The SAML, ID-FF, and WS-Federation protocols provide cross-domain single sign-on among multiple trusted business entities. These protocols are also used in Identity Federation. Identity Federation involves an Identity Provider, also known as an authentication provider, and a Service Provider where the user authentication session at the Identity provider is consumed. The following are common use cases in which SiteMinder is enabled for federation protocols:
Enabling SiteMinder for federation protocols in a Service Provider environment
Enabling SiteMinder for federation protocols in an Identity Provider environment
The deployment examples in this chapter are built upon simple single sign-on integration. You must set up single sign-on before enabling federation. For more information about setting up simple single sign-on, see the Sun OpenSSO Enterprise Deployment Example: Single Sign-On. After setting up simple single sign-on, you can enable SiteMinder for Federation in either the Identity Provider environment or in the Service Provider environment.
The federated single sign-on use cases are configured for transient federation. Transient federation assumes that the users exist only in the Identity Provider environment. The Service Provider honors user authentication at Identity Provider. The Service Provider then creates an anonymous session so that Service Provider applications, protected by single sign-on, can be accessed. During SAML interactions, user attribute information can be exchanged back to the Service Provider for authorization and other purposes.
Usually, bulk federation exists between Identity Provider and Service Provider. For more information about transient and bulk federation, see the OpenSSO Enterprise product documentation.
In this use case, the company uses SiteMinder in the Identity Provider environment to protect applications within the company intranet. As the company partners with external companies, the company deploys OpenSSO Enterprise in the Service Provider environment to leverage the SAMLv2 Federation protocols.
The following figure illustrates how SiteMinder can be enabled in an Identity Provider environment using OpenSSO Enterprise for federation protocols.
In this deployment, OpenSSO Enterprise provides federated single sign-on among enterprise applications in partner environments, while SiteMinder continues to provide authentication. The following two figures illustrates a typical transaction flow.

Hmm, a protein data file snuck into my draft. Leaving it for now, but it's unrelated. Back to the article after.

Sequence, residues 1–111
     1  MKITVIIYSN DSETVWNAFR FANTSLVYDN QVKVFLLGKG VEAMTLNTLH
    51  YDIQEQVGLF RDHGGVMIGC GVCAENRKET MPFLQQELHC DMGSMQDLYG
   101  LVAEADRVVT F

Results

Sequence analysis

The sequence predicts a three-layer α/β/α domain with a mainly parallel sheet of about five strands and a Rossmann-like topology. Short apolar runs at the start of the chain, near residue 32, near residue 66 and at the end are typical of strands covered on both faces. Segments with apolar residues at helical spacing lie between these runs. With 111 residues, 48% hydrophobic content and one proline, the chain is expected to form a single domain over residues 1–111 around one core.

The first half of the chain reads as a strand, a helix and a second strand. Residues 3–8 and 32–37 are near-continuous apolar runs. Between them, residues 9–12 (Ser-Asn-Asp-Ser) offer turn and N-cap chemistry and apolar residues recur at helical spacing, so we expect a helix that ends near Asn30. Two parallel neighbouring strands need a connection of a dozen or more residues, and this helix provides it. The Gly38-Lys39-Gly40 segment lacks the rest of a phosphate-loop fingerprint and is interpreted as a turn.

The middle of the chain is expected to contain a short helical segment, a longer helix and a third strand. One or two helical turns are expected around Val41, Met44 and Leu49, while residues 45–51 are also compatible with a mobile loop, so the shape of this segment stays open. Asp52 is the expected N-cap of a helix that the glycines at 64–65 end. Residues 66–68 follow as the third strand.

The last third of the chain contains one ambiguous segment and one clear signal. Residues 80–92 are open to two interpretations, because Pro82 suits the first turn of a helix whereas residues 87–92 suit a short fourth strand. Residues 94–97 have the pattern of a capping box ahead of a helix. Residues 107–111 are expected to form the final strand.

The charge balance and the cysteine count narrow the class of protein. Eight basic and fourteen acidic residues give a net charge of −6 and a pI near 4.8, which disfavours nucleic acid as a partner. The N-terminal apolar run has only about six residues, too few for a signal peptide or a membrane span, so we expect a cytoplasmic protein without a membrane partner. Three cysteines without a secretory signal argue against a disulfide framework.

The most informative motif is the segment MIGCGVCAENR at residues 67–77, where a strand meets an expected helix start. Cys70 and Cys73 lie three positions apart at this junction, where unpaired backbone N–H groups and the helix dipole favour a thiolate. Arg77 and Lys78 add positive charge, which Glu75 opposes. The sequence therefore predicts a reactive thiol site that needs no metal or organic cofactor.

In this use case, the company uses SiteMinder in the Service Provider environment to protect legacy applications. OpenSSO Enterprise is installed to invoke Federation protocols. The OpenSSO Enterprise server includes a customized authentication module for handling SiteMinder sessions. A SiteMinder Web Agent is installed on the same OpenSSO Enterprise instance to protect OpenSSO Enterprise.
This use case includes two additional, lightweight components:
This is an OpenSSO Enterprise SAMLv2 plug-in that processes operations after federated single sign-on login is completed and before the target URL is displayed. After the OpenSSO Enterprise session is established, the spAdapter plug-in uses the OpenSSO Enterprise session to communicate with the SiteMinder Custom Authentication Scheme.
This is a SiteMinder SAMLv2 plug-in. It uses the OpenSSO Enterprise configuration defined in the SAMLv2 metadata and the SAMLv2 session to generate a SiteMinder session.
When an access request comes from a partner application, the SiteMinder login page is displayed. If the user has already been authenticated, the OpenSSO Enterprise custom authentication module creates a session for the user. The custom authentication module consumes the SiteMinder session, and then generates a SAML assertion. The following two figures illustrate the steps in the single sign-on flow: